5) Visual Control--The majority of workstation programs that will use the present invention are likely to provide their own GUI, in which case, a session can be established without any visual element associated with it. The present invention defines a default class that represents the applet with a 3270 screen GUI provided, but its visibility can be controlled programmatically via show and hide methods.
With these functions and the portability enhancements available with the present invention, developers are able to create host access applications with greater functionality and deployability than those previously possible. This becomes much more evident through specific examples.
The network configuration shown in FIG. 1 represents the typical emulator user's environment before the introduction of Web accessibility into emulator solutions. A user at workstation 103 wishes to connect to their host computer in order to access a database or electronic mail. To do this they use a TN3270 emulator client (104) executing on the user's workstation (103) to reach the host. This client communicates (111 ) with a TN3270 server (105) residing on a host server (102). The host server relays the client request (112) to the network of hosts (101) where it eventually reaches the host requested by the user. Data is then transmitted from the host to client 104 such as the text of a logon screen.
After logging on the user has a persistent end-to-end session with the host (113) over which they can use applications on the host for functions such as database queries or reading electronic mail. Although TN3270 clients and servers are used to describe the typical emulator environment, such specification is not meant to limit the invention in any way to a particular programming or emulation environment.
Of particular importance, the typical environment as displayed in FIG. 1 requires that client software physically reside on workstation 103. This poses resource constraint and maintenance difficulties when having to manage many applications across many user workstations and platforms.
FIG. 2 demonstrates an initial step in attempting to solve those problems that still has shortcomings. In this scenario, a user at workstation 204 uses a Java enabled browser (205) to initiate downloading (211) of a 3270 screen GUI applet (208) from the GUI class library (207) physically residing on the Web server (203). Once downloaded, the applet communicates with the Web server (212), generally by proprietary means, to initiate a host connection. The class library (207) forwards this request (213) to the TN3270 client (209) through the use of an emulator programming interface such as EHLLAPI. Note that this step is synonymous to the user in FIG. 1 using the TN3270 emulator client to reach the host. Flows 214 and 215 demonstrate the connect request flowing from client 209, to TN3270 server 210, to the network of hosts 201 and the target host. Data is then transmitted from the target host back to the TN3270 client emulator 209 (such as logon screen text). This data flows back over the EHLLAPI interface (213) and the proprietary class library interface (212) to reach the 3270 screen GUI applet and ultimately the user. The user responds by logging on and a session is established between Web server 203 and the host, the output and input to which is handled via flows 212 and 213.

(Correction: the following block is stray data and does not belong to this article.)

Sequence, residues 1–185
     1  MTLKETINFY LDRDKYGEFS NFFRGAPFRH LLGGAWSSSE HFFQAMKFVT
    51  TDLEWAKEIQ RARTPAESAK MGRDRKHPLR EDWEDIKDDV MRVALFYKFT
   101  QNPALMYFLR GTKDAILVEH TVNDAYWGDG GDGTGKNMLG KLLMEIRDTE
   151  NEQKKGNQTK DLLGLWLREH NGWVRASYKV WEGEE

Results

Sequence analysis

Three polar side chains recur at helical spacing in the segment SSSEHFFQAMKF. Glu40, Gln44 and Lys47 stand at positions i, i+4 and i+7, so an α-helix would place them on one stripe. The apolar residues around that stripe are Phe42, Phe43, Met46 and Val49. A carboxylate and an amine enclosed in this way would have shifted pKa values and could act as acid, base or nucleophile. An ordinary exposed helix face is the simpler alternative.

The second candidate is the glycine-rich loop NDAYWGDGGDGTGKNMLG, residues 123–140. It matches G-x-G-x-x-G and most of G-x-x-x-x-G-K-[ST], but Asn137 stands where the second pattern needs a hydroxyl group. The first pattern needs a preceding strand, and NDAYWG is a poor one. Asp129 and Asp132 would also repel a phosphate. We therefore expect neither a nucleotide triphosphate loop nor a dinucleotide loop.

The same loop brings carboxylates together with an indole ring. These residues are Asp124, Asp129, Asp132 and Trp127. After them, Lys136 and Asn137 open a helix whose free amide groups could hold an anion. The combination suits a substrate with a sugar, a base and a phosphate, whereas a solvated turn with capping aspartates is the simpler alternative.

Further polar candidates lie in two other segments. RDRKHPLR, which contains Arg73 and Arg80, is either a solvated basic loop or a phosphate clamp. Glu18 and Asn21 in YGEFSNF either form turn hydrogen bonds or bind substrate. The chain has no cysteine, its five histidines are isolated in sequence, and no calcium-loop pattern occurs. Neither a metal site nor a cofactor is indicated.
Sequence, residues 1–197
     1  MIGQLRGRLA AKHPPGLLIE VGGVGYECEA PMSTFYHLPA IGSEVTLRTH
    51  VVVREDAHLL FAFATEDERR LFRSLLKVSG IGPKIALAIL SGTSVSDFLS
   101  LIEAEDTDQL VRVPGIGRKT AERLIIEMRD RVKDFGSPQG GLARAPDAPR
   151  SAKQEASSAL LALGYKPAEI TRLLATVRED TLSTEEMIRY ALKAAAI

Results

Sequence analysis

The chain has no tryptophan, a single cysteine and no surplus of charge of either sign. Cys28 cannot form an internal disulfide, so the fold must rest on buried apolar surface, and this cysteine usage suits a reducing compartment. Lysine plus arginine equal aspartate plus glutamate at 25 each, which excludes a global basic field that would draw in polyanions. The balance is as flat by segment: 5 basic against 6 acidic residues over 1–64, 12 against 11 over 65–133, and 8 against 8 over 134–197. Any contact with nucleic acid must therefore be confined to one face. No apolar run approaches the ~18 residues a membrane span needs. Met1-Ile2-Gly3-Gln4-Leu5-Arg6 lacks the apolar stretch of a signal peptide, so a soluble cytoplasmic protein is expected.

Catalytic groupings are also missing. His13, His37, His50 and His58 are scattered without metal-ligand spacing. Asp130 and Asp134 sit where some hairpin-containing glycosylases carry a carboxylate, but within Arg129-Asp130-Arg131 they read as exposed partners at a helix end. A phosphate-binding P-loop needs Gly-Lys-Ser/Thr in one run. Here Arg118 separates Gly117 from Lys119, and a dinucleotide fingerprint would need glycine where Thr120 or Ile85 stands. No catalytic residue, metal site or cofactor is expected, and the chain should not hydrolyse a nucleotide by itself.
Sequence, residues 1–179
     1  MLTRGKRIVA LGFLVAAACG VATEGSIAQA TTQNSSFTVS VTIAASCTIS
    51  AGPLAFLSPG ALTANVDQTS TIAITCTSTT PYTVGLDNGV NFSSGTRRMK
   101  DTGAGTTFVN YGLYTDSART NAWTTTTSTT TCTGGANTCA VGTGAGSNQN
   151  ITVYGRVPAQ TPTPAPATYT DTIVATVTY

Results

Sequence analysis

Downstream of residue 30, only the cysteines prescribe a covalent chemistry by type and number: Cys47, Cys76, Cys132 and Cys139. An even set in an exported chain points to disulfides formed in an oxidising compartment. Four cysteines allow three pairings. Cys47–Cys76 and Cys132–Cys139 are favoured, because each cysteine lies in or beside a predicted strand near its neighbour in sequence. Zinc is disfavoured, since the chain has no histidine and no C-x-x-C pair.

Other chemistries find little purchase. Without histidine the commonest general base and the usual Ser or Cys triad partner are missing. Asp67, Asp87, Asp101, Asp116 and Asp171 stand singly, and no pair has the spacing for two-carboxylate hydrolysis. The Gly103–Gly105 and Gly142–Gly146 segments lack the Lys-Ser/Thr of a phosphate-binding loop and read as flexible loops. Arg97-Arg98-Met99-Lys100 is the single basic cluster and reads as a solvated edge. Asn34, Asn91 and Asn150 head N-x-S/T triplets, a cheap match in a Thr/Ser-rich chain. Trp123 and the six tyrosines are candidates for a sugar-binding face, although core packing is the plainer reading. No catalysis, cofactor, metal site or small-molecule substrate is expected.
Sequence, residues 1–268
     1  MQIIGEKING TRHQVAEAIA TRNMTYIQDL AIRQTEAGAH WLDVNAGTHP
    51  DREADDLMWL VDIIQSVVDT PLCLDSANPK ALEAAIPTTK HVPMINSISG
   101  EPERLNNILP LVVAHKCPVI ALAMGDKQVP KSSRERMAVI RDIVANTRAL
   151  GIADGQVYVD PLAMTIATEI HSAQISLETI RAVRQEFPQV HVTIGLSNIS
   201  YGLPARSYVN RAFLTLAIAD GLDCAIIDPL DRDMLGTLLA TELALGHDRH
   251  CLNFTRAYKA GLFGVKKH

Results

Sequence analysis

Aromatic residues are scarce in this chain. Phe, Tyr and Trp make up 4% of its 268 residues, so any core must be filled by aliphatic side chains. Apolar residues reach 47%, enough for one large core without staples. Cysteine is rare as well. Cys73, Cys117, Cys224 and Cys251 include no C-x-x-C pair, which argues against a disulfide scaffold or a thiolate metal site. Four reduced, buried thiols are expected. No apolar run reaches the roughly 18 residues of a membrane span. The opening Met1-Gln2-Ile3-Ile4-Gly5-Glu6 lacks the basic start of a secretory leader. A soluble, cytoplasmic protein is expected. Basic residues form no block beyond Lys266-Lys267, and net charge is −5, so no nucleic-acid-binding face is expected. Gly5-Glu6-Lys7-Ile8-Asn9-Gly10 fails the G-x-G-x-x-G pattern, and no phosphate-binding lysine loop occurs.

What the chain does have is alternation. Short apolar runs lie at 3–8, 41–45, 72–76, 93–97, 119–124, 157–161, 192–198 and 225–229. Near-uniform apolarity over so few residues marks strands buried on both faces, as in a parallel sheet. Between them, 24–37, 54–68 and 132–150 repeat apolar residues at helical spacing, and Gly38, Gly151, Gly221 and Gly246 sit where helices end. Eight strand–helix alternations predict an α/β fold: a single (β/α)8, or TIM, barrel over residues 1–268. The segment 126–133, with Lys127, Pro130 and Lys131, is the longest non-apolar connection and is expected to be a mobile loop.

The web solution no longer has the session established with the user's machine (204). Instead the session is with the server (203) and proprietary interfaces must be used to get information to and from the user. In addition, the information being transferred to the user in this solution is always after the information has been displayed by the client (209). Any EHLLAPI applications a user might like to run on the web client (204) only have the option of screen scraping, rather than direct data-stream, interaction using this solution. FIG. 3 presents a more detailed look at the typical flows of a screen scraping EHLLAPI capability.
The example in FIG. 3 begins with an emulator operator starting the emulator (301) and initiating host sessions (302). Refer to FIGS. 1 and 2 for examples of where the emulator application and sessions actually exist; user's machine or server. The emulator application (303) that the user runs then queries the emulator for open sessions (311) and receives a response (312) indicating the current host sessions. Application 303 chooses the desired session and connects the host session to their application GUI window (304) (313), at which point the connection is confirmed (314) by the emulator. Once the session window is connected the emulator application (303) proceeds to receive host data and manipulate the data by using screen scraping techniques. The emulator application (303) can search for key output text strings (315) in a session window (302) that it wishes to display in a GUI window (304) and copy the string to the GUI window (316) if desired). The emulator application (303) can also search for key text strings (317) in a session window (302) that signal the location of an input field such as "USERNAME:" or "PASSWORD:". Once the input field is located in a session window (302), user input to a GUI window (304) can be copied into that location for transmission back to the host (318). In this way, a GUI window (304) is simply an extension of a session window (302). Because of this window extension approach, an emulator application (303) must send keystrokes (319) to the session window (302) and then wait for the window to free up for future interactions (320). Flows 315 through 320 present some of the basic functions that an emulator application (303) repeatedly uses to communicate with the host through a session window (302). When an emulator application (303) wishes to switch to another session window it requests to disconnect (321) from its current host session window. In this way, screen scraping applications must connect and disconnect to each session window they wish to manipulate. There is no capability for monitoring multiple sessions simultaneously by one emulator application. The emulator operator must then end the session.